Urban Living Across the Country
Meet downtown dwellers from coast to coast.
As executive director of an arts organization, Meredith Powell lives for culture. Her city is famous for its annual SXSW music festival of up and coming bands. Powell's Victorian-style rental -- complete with stoop, patio and garden -- gives her unexpected access to the vibrant scene. "There is live music daily down the street," says the 31-year-old. "I'll sit on my stoop, hook into the wireless internet and do my work while listening to live bands." When she wants a front row seat she simply strolls to the nearby ballet. For still life, she visits the Austin Museum of Art.
Living in a historic district affords Powell a rare mix of old architecture in a downtown increasingly dominated by high-rise condos that go for a median price of $175,300. She also enjoys walking her golden retriever in one of several public squares. "I once trained for a marathon and did all my training downtown," she says.
Los Angeles, Calif.
When a government office building was converted into lofts, television writer Bill Tan was the first tenant to move in. Initially, his rent was $1,450. Eight years later he's seen only one rent increase, but condos and co-ops now go for a median price of $327,200. The staggering boom comes from what he calls the downtown renaissance of nightclubs and restaurants is a hot topic in local news.
"When I first moved here it was really dodgy...and I loved it," says 36-year-old Tan, who describes streets filled with drug addicts, homeless people, and the psychologically unstable. "Now all the buildings have been rehabbed and you have hipsters in skinny jeans and Range Rovers who are total posers. When a Starbucks opens up, I will move on."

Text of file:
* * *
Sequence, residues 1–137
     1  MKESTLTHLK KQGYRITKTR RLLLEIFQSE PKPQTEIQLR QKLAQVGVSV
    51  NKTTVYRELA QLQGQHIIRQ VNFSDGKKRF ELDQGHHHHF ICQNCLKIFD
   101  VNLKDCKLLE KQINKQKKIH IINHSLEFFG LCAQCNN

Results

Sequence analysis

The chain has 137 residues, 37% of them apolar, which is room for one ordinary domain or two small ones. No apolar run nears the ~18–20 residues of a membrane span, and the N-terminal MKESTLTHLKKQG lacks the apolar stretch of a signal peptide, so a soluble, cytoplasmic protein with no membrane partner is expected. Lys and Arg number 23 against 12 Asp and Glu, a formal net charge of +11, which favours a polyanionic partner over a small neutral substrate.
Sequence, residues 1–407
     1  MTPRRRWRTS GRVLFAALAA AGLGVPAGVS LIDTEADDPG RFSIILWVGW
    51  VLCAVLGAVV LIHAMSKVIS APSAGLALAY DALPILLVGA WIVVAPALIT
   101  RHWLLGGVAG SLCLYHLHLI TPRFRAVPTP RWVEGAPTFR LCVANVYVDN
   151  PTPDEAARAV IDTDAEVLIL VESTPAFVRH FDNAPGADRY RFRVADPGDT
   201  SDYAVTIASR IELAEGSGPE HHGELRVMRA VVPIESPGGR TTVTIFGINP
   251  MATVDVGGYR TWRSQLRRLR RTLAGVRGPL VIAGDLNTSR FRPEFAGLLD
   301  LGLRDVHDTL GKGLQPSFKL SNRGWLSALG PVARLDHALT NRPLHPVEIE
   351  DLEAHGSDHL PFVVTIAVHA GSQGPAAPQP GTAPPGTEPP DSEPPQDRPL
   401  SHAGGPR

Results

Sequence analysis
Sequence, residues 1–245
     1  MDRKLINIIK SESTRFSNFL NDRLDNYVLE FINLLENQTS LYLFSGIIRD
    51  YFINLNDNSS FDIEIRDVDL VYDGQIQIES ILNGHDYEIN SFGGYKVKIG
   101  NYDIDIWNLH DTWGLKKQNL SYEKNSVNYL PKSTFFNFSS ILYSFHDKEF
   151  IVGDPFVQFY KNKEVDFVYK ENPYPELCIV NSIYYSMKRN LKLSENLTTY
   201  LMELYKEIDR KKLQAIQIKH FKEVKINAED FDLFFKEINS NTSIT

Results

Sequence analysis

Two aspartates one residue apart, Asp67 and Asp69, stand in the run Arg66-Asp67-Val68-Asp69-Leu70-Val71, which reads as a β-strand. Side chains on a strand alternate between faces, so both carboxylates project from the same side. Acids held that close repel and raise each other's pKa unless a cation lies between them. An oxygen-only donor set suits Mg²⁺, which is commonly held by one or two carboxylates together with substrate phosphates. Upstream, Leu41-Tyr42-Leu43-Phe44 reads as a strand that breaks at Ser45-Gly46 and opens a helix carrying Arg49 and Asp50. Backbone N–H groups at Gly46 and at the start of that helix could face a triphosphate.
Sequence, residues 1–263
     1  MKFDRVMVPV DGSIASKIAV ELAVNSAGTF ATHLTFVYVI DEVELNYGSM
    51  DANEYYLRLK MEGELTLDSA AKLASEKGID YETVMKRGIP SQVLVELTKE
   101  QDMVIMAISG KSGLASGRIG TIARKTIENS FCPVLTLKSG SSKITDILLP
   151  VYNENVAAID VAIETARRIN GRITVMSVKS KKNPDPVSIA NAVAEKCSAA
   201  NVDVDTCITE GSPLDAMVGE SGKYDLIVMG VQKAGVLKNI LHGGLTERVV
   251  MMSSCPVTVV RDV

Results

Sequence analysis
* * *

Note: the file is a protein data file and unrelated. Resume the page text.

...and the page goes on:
A few years ago, downtown "lifer" Tim Surufka jumped on a co-op unit in a vintage 1926 space. "In the beginning, a lot of these coops were cash-only kind of buildings and I couldn't get a loan for anything," says the 50-year-old real estate agent. Now, stiff financial prerequisites have lifted and the median condo/co-op price is $244,300.
One big perk to his location is its accessibility. He lives and works on a thoroughfare called Lake Shore Drive. "It's three minutes from my office to my home" by car, he says. Another plus is living somewhere he considers the anti-suburb. "Any need for a pet a family or kids is the theme in the suburbs of Chicago," he says. "There are just strip malls and shopping malls. I don't do those things. Big cities are the only places I go."
Monica Garcia considers her neighborhood "the Manhattan of Miami," where she holds season tickets to the performing arts center and recently threw a party in nearby park. (She doesn't have to pay New York prices; the median condo/co-op price is $178,300.) With a growing nightlife and dining scene, she and her husband consider their purchase an investment in an up-and-coming neighborhood they hope will boom.
The location is convenient to their work and daily errands. Her husband swapped a second car for a scooter and they take public transportation to the supermarket and video store. The best part, though, is the view. "I live on the 30th floor and my bedroom faces Key Biscayne," says Garcia, 32, who works for a real estate company. "I love waking up with the sun reflecting off the water. You can see Miami Beach. It's gorgeous."